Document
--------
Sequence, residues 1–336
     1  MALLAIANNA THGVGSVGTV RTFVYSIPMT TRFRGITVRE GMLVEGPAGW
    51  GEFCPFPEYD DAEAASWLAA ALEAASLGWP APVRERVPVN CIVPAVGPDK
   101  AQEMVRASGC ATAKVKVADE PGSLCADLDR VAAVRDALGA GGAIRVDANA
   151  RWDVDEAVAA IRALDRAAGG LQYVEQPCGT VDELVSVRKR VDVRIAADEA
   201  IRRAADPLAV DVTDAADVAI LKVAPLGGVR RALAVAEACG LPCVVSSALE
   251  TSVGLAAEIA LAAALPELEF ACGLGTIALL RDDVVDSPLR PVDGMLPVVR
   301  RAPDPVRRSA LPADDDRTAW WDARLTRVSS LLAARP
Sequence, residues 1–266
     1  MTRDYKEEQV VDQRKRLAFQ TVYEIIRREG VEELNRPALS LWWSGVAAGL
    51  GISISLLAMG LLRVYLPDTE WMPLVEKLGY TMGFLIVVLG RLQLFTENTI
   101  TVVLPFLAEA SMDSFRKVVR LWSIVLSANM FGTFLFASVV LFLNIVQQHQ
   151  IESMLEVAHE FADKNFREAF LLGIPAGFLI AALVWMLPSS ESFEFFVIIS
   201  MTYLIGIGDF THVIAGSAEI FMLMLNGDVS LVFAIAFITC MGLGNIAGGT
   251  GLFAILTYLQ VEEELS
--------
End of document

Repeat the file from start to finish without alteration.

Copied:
Sequence, residues 1–336
     1  MALLAIANNA THGVGSVGTV RTFVYSIPMT TRFRGITVRE GMLVEGPAGW
    51  GEFCPFPEYD DAEAASWLAA ALEAASLGWP APVRERVPVN CIVPAVGPDK
   101  AQEMVRASGC ATAKVKVADE PGSLCADLDR VAAVRDALGA GGAIRVDANA
   151  RWDVDEAVAA IRALDRAAGG LQYVEQPCGT VDELVSVRKR VDVRIAADEA
   201  IRRAADPLAV DVTDAADVAI LKVAPLGGVR RALAVAEACG LPCVVSSALE
   251  TSVGLAAEIA LAAALPELEF ACGLGTIALL RDDVVDSPLR PVDGMLPVVR
   301  RAPDPVRRSA LPADDDRTAW WDARLTRVSS LLAARP
Sequence, residues 1–266
     1  MTRDYKEEQV VDQRKRLAFQ TVYEIIRREG VEELNRPALS LWWSGVAAGL
    51  GISISLLAMG LLRVYLPDTE WMPLVEKLGY TMGFLIVVLG RLQLFTENTI
   101  TVVLPFLAEA SMDSFRKVVR LWSIVLSANM FGTFLFASVV LFLNIVQQHQ
   151  IESMLEVAHE FADKNFREAF LLGIPAGFLI AALVWMLPSS ESFEFFVIIS
   201  MTYLIGIGDF THVIAGSAEI FMLMLNGDVS LVFAIAFITC MGLGNIAGGT
   251  GLFAILTYLQ VEEELS